Good morning. Ireland row, stocks decline, hedge fund comeback. Here’s what’s moving markets.
The U.K. angered the European Union by saying it would waive customs paperwork on food entering Northern Ireland until October, amid complaints from supermarkets about the looming requirements. The use of export documents under the Brexit deal was aimed at ensuring goods crossing into the EU respected its rules and avoiding creating a border on the island of Ireland. The European Commission said the bloc will take legal action, but Northern Ireland said the measure was needed to avoid "disruptive cliff edges." In other Brexit news, the U.K. budget included the announcement of eight English "freeports" – low-tariff zones aimed at encouraging investment.
Asian stocks fell as an overnight surge in sovereign bond yields once more dragged down equities. The MSCI AC Asia Pacific index lost as much as 2.4%, while European futures edged lower too. European Central Bank policy makers are downplaying concerns over yields ahead of next week's meeting. Oil, meanwhile, is moving higher ahead of a key OPEC+ meeting, with energy watchers left guessing about whether the market will get the April supply increase it’s been expecting. Elsewhere in commodities, hog futures rallied in Chicago as rising cases of the deadly African swine fever in China fueled supply concerns. Finally, Bitcoin rallied back above $50,000, a key psychological level.
Don't Call It a Comeback
Melvin Capital Management, the hedge fund known for having been slammed this year by retail investors that organized on social media to drive up stocks such as GameStop, is on the comeback trail. After adjusting its strategy, the firm pulled off an almost 22% gain in February, about eight times the return of the S&P 500. Melvin has stopped using certain derivatives that show up on quarterly filings, which previously allowed the firm to be singled out by the retail crowd. Still, the fund has some way to go before its investors break even, after the episode cost them more than $6 billion.
Cause For Concern
London’s virus infections are rising, even as the rate of decline of the disease nationally is slowing, a new study suggested. The Imperial College London survey showed 66 people per 10,000 people had the disease in London between Feb. 13 and Feb. 23. That was up from 53 people previously. U.K. Health Secretary Matt Hancock described the figures as “some cause for concern.” Elsewhere, Germany gave more details on its reopening plans, with book stores and gardening centers among business that can resume business from Monday, but the closure of hotels, restaurants and other non-essential retail outlets was extended until March 28.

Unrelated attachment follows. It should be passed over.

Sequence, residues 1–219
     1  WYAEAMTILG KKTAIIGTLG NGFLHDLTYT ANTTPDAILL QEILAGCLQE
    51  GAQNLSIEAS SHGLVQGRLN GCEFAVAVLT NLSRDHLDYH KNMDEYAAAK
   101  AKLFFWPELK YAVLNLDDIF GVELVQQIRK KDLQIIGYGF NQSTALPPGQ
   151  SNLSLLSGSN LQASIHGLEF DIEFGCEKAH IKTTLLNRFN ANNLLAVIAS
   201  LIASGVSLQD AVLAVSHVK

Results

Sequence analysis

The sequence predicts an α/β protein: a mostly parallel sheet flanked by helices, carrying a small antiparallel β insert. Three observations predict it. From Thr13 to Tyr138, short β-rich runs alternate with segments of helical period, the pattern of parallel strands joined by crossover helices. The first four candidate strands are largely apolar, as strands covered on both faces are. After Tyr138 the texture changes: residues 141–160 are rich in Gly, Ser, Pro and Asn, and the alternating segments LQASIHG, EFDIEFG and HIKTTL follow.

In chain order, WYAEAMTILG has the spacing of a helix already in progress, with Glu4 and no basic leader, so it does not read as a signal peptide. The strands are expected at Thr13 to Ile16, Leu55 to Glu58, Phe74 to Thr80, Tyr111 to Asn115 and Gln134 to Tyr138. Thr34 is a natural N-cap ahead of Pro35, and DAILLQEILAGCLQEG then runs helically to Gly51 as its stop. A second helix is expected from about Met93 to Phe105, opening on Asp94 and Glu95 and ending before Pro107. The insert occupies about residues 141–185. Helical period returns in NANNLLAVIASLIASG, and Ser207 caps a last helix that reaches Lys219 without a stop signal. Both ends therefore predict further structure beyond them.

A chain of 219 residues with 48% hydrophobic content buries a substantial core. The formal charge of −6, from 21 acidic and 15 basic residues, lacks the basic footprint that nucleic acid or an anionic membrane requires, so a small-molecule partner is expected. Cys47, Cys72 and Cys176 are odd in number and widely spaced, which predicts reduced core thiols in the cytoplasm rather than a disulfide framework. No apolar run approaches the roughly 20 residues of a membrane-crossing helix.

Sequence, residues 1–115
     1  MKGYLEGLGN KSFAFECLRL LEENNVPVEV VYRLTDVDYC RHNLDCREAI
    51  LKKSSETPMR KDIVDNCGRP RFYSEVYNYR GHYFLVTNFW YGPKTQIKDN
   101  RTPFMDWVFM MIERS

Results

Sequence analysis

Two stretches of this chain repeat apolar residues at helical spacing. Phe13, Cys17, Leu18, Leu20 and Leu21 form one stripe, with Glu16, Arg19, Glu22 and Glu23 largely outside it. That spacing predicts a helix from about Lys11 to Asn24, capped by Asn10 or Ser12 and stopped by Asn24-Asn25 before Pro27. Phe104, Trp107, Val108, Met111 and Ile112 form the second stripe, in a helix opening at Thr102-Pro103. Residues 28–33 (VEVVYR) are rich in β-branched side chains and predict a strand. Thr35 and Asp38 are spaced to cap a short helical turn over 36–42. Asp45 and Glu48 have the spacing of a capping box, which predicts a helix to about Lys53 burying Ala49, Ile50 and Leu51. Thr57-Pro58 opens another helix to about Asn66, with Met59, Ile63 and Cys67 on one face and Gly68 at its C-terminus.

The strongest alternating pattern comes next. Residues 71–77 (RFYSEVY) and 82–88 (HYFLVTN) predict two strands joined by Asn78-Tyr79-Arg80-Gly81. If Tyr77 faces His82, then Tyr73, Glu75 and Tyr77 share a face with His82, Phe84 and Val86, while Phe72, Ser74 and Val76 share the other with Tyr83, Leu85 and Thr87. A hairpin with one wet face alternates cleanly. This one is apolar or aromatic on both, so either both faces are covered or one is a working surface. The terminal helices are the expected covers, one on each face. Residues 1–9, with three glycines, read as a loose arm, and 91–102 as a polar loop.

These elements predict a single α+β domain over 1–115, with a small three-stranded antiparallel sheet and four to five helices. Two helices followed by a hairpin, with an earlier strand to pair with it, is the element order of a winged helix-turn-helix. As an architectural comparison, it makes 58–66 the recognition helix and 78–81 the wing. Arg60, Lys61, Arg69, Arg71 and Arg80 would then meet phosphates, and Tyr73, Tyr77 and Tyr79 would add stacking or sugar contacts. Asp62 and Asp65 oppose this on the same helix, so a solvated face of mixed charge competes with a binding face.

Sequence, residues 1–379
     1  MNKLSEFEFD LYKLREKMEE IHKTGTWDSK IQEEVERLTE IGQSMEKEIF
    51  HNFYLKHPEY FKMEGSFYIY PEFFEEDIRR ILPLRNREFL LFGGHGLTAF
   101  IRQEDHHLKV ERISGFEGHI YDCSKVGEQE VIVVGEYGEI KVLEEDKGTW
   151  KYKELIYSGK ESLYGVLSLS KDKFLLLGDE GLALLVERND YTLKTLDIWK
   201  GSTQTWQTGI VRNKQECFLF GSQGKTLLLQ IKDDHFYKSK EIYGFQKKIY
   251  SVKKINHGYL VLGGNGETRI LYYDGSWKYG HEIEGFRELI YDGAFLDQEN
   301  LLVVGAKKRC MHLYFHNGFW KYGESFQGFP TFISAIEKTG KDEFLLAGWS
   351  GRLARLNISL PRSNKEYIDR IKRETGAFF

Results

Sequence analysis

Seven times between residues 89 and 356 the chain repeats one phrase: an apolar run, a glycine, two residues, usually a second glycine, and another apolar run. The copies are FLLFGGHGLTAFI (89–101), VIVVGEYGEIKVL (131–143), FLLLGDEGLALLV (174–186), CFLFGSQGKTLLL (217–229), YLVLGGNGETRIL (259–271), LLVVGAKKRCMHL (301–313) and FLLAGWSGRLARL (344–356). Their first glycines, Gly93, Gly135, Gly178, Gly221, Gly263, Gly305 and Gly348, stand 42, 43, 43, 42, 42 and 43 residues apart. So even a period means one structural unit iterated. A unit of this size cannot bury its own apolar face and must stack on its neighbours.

Data comes in the form of Euro area unemployment and U.S. factory orders, while we'll get earnings from Ladbrokes bookmaker parent Entain and rival William Hill, along with updates from drugmaker Merck KGaA and aerospace and defense group Thales. Finally, Renishaw gained entry into the U.K.’s blue-chip FTSE 100 benchmark after news of an attempted sale by the engineer’s founders sent its shares surging earlier this week.
What We’ve Been Reading
This is what’s caught our eye over the past 24 hours.
And finally, here's what Cormac Mullen is interested in this morning
Bond bulls aghast at the debt selloff and holding out hope for some intervention from the Federal Reserve should probably not expect anything more than some jawboning for now. Speculation the Fed might look to revive Operation Twist — cutting back on Treasury bills and boosting holdings of long-term debt — may prove wide of the mark, if financial conditions are any guide. A look at the period leading up to the Twist program in 2011 shows the Bloomberg U.S. Financial Conditions Index in a significant downtrend ahead of that announcement, while today the gauge is largely stable. As Standard Chartered strategists John Davies and Steve Englander pointed out Wednesday, this suggests that economic and financial market conditions haven't deteriorated enough for Fed action. Traders should get a better idea of how the Fed views the recent bond moves on Thursday. Chair Jerome Powell is scheduled to discuss the economic outlook and can expect to be asked if the spike in yields warrants a response from the central bank.
Cormac Mullen is a cross-asset reporter and editor for Bloomberg News in Tokyo.
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